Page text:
The danger of elected autocracy
I am not a lawyer. I am not a jurist. I am not an expert on the constitution. But I am a citizen. Since both the law and the constitution are there to make sure that my rights (and yours) are protected and fairly treated I have an interest in how they interact.
When someone who has power over me makes a decision that affects my life, I wish to be sure that the decision has been made lawfully and reasonably even if I disagree with it.
Who better than a judge to decide? They are experienced, tend to use their common sense and by and large are free from political pressure or monetary gain. They’re not infallible. And they’re not inherently impartial. None of us is. But they’ve done a pretty good job so far of protecting the rights of the ordinary citizen.
Before, or perhaps instead of, a grand commission to revise our constitutional arrangements it seems we are going to get a fast-track review to look at the way ministerial decisions can be challenged in the courts. Johnson wants to make sure that the courts are not “abused to conduct politics by other means”. With Cummings prodding him, he is a man in hurry.
These salami-slicing tactics, which are intended to gather more power in favour of the executive, appear to be have the blessing of none other than the former Supreme Court justice Lord Sumption. He has argued that there is an excessive and inappropriate tendency to use judicial reviews.
He may say so, but I’m not sure the facts agree: according to the Bar Council, applications for judicial review have fallen by very nearly half between 2015 and September 2019, as a result of legal aid cuts and higher court fees.
In any case, I am not reassured. In fact, I am alarmed and, if I’m frank, a little perplexed as to why anyone, irrespective of their political belief, should think this is a good idea.
Giving Boris Johnson a free pass may suit someone who agrees with his agenda. But what if the man in Downing Street were Jeremy Corbyn or Keir Starmer or — God forbid — a wet Tory Remainer?
As I think I’ve mentioned before, I’m a grateful immigrant. When I first arrived back in Britain in the early 1960s it wasn’t a coup de foudre. Love crept up on me slowly. It takes a while to get the hang of a country where the conventions are not written down.
In those days it was said that the raising of the governor of the Bank of England’s eyebrows was more powerful than the law. I spent ages staring at those eyebrows. In time I was hooked, because I came to understand we were a country governed, with notable exceptions, by reason.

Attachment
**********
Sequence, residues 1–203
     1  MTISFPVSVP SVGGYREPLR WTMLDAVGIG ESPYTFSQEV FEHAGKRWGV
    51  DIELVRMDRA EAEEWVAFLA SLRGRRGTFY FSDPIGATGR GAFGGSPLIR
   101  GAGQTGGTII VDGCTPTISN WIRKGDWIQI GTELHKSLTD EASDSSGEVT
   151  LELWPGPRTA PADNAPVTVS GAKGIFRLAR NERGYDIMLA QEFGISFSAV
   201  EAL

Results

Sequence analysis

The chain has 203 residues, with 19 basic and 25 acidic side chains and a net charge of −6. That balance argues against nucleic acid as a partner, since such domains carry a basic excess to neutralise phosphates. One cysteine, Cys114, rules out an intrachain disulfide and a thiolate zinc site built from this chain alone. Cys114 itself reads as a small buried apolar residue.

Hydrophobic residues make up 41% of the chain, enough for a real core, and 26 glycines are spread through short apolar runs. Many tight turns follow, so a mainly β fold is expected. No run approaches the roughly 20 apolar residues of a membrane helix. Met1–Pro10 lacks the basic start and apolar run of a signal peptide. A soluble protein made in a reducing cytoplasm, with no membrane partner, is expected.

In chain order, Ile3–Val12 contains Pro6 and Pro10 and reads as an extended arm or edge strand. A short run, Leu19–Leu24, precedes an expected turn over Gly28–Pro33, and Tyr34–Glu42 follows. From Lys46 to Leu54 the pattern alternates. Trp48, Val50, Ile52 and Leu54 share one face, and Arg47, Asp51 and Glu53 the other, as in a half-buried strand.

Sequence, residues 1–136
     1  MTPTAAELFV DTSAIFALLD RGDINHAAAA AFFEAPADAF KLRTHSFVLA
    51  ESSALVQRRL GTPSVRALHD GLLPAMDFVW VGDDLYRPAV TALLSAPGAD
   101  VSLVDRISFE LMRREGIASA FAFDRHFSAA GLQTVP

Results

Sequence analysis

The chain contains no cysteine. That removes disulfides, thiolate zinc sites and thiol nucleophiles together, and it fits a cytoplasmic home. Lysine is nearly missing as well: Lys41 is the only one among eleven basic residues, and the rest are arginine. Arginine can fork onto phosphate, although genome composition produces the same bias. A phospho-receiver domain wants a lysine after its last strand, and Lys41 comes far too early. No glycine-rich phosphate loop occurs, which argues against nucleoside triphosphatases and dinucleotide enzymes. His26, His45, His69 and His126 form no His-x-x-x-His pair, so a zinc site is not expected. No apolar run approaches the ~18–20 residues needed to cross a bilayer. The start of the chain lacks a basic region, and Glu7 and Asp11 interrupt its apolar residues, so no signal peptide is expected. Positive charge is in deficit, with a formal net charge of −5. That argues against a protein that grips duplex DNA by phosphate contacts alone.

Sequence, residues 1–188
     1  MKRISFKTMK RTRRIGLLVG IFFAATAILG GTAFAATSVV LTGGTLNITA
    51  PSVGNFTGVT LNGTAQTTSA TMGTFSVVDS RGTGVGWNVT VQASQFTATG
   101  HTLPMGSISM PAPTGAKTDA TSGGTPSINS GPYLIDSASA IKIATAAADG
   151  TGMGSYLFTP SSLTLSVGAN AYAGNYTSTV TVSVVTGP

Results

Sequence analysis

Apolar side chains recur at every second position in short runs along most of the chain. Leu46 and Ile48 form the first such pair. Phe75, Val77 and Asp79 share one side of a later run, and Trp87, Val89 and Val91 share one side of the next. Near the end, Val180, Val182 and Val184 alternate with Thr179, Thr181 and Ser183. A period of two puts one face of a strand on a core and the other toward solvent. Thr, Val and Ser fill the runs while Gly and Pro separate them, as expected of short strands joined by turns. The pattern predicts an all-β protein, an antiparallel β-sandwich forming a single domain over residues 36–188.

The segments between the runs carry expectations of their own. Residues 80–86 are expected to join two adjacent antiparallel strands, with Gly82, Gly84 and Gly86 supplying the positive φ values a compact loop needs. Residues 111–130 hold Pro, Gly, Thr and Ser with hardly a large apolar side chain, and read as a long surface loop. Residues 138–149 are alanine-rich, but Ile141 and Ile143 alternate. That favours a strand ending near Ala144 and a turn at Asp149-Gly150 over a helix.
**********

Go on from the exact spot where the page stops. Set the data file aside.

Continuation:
At school I was taught that Magna Carta was the key to my rights as a citizen. It declared that no man — not even the King — was above the law. Some argue that this was merely a scrap between big Barons and a weakened King not too be taken too literally, that it’s more myth than reality.
I side with my brooding history teacher, Mr Swinbank, who told us the treaty sowed the seeds of modern democracy “and don’t you forget it.” The Americans took it to heart when they wrote their magnificent constitution.
Arguments about the sovereignty of Parliament, the will of the people, the law and the balance between them are like counting angels dancing on a pinhead. They’re a long way from the man or woman with a grievance in search of impartial justice. Judicial reviews matter whether they are aimed at the government, the police or a health authority. They are the quickest route to the otherwise inaccessible corridors of power for the common man or woman.
When the coalition government cut legal aid, Chris Grayling, then Justice Secretary, said he wanted to drive out “meritless applications” used as “cheap delaying tactics”. But who’s to say what application has merit? A politician?
I say don’t try and fix what ain’t broken. Leave our judges be. First, from my experience, a judge is usually the first person to throw out a judicial review application that is frivolous or malicious. Chancers get pretty short shrift from the bench. Judges are perfectly capable of judging what has merit. It’s what they’re there for.
Second: it’s an awfully long time between elections. Yes, Parliament is sovereign. But it is not a law unto itself, unbound and unfettered. A government elected, as it usually is these days, by barely half the electorate cannot be immune to challenge in between elections.
Someone has to hold the ring. There must be someone I can turn to when I feel the government is taking liberties. Otherwise we end up with elected autocracy.